In October, I had a nice tennis moment I would like to share. I competed at Nationals in La Quinta, Calif., as part of the Long Island team that represented the Eastern Section. It was a great trip. On the last day of competition, I played at number one singles against a tough player from the New England Section.
Before the match, I spent some time thinking about my match. I wanted to approach my match with a healthy dose of curiosity, as opposed to the paralyzing anxiety I have felt in the past. My plan was to not judge myself on my bad shots or tactics, but instead to observe myself, to see if I would be able to make adjustments when needed, to try and be effective with my game, and to really enjoy the opportunity. The experience was a great one. I started poorly, falling behind 0-3. I noticed that my inner voice was harsh in its criticism, however, since I was in “Observer Mode, it was a somewhat muted voice pushed to the background:
"Boy, you are slow, fat and old. You can't even track down shots in the corner anymore. And how about your backhand? It's ready to break down any second now. And forget about your second serve: What a sitter!"
What can you do to be effective?
A smile appeared on my face, I felt it … I was laughing at myself!
I guess I had no “Observer Voice” that I had chosen to listen to today. Yes, you can choose that.
In any case, I got myself into the match, and was seeing and reacting to the ball better and better. It became a 5-7, 7-5, 10-3 match. Afterwards, people told me it was a quality match. I was just so pleased that I had prepared the way I did, it worked for me and that I enjoyed it so much. I was proud of my performance. In hindsight, it is hard to know if I would have felt the same way had I lost the match, but I felt pride during the match, so I would have been okay with losing the match … I was really doing the best I could at that particular moment.
Fast forward to Tuesday of last week … I am training with one of my best students, an NCAA college player. I am trading groundstrokes with him as if I am 18-years-old again. The pace is furiously high, and my legs were burning. After a while, I start noticing my net-errors. They start to bother me. Somehow,” my Inner Voice thinks I am 18-years-old again as well.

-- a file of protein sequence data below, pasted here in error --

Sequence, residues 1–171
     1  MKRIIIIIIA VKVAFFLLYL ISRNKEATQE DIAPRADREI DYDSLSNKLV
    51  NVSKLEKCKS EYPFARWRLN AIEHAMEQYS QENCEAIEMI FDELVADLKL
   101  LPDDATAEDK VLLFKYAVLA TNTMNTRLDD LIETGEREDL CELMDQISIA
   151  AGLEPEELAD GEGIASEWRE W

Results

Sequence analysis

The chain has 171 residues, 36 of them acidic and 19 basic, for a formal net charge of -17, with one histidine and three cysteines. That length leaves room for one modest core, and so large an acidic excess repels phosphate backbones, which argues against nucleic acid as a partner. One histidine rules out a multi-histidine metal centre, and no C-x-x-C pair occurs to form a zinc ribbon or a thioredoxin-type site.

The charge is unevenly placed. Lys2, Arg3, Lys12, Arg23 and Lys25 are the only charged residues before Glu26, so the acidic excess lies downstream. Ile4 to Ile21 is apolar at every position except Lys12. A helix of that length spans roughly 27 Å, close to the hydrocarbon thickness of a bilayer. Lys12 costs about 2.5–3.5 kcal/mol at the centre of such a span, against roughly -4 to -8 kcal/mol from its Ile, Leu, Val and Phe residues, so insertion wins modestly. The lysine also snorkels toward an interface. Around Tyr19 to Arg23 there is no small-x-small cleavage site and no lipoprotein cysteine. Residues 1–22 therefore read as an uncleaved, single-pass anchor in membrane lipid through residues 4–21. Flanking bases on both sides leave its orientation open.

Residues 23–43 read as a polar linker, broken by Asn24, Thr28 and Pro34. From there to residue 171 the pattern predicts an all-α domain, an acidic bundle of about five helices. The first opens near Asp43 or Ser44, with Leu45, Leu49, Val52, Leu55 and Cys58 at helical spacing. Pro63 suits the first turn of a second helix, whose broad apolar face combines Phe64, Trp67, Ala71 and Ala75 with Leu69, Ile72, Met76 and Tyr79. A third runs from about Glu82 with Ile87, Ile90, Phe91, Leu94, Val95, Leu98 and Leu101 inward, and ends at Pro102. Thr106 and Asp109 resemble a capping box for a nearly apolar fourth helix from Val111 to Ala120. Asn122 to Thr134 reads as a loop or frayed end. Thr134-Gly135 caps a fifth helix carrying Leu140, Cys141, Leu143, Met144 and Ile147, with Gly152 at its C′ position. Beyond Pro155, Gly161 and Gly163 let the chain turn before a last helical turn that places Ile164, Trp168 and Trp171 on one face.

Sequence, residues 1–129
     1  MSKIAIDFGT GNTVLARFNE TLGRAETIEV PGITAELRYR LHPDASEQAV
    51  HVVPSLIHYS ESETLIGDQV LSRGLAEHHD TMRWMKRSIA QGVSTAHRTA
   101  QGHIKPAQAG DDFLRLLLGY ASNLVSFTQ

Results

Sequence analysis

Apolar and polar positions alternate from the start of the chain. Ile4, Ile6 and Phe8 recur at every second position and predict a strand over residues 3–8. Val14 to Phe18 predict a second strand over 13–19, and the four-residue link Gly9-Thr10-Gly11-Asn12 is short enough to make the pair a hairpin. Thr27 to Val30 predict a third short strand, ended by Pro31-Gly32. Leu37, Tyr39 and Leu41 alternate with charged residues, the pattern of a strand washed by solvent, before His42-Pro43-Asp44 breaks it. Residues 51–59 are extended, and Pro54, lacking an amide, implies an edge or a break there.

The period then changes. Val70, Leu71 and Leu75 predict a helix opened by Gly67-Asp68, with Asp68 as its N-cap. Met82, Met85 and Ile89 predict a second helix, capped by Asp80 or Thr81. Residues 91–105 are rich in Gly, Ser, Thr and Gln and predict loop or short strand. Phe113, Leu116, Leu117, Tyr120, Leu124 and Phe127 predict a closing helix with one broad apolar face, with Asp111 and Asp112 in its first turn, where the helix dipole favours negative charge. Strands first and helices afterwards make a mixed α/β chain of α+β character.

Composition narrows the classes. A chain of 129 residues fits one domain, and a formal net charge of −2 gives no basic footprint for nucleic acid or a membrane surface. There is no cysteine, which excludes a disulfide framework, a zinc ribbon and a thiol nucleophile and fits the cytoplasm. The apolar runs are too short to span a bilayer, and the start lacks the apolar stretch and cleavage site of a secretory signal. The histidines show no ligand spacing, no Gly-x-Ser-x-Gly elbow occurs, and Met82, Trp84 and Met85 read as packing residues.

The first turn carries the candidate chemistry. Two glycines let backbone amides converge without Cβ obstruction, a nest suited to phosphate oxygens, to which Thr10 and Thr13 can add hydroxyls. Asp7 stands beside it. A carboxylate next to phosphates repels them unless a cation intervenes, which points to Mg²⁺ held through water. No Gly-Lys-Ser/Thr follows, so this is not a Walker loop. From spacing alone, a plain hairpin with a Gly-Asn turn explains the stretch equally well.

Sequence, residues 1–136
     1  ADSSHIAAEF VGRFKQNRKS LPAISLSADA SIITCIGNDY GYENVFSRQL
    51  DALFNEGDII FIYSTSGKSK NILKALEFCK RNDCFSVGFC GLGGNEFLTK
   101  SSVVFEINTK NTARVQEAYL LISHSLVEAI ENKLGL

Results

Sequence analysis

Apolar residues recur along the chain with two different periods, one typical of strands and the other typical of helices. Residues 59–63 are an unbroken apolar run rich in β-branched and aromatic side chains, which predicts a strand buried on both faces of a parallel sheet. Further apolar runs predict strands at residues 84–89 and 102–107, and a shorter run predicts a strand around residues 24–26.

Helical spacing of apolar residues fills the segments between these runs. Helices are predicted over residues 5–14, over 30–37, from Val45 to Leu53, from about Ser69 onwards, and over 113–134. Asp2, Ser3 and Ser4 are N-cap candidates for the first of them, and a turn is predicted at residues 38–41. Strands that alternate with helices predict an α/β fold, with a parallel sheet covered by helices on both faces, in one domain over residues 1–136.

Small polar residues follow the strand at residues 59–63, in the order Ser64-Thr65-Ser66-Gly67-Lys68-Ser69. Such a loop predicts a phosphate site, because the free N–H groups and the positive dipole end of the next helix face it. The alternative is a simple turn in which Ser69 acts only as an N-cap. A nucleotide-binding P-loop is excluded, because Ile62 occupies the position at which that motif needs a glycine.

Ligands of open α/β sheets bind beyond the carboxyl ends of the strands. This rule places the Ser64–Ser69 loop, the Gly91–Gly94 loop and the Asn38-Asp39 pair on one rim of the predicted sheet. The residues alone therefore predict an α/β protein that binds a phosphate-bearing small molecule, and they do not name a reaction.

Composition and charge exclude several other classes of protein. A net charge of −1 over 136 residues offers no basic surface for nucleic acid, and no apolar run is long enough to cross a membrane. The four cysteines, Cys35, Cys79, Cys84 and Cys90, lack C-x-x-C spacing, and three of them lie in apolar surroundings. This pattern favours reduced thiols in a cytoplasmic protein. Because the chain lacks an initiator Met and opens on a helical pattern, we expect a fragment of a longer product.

"Every other ball is in the net. At this pace, you really have to bend low, and you cannot because you are too fat. You suck!"
I hear it loud and clear, but somehow still continues for a while longer somewhat unnoticed. The net errors did not get any better, and as a result, my Inner Voice gets even meaner and louder. I am scolding myself for being imperfect and I am ready to crack my racquet over my own head. Then it happens … I remember Nationals.
"Hang on," I think to myself. "Who are you?”
I instantly crack a smile when I am observing my ridiculous behavior. My Judging Voice loses all of its power.
I choose to make a change to see if I can raise my level of play. I conclude that I must not be seeing the ball very well because of that dark cloud of negativity. I start to really, really watch the ball. I decide that if I consider the ball extra low, I will tell myself to bend those old knees a little more to get under the ball and to add some topspin, and that if I consider it a ball of medium height, I will just drive right through the heart of the ball. Within minutes, I am not missing anymore. I am seeing the ball great. I feel like a young Andre Agassi blasting shots from the back court, unleashing laser shots from both wings. Boy, this is fun! Meanwhile, perhaps since I am not missing much anymore, my student is starting to notice his errors. I can see they are starting to bother him. His body language tells me the story of his inner game. He must be listening to the wrong voice. He must not be seeing the ball very well. He is ready to explode at any moment now.
"Hey pal, let's take a break for a minute … I want to tell you a story about my singles match at Nationals in October!”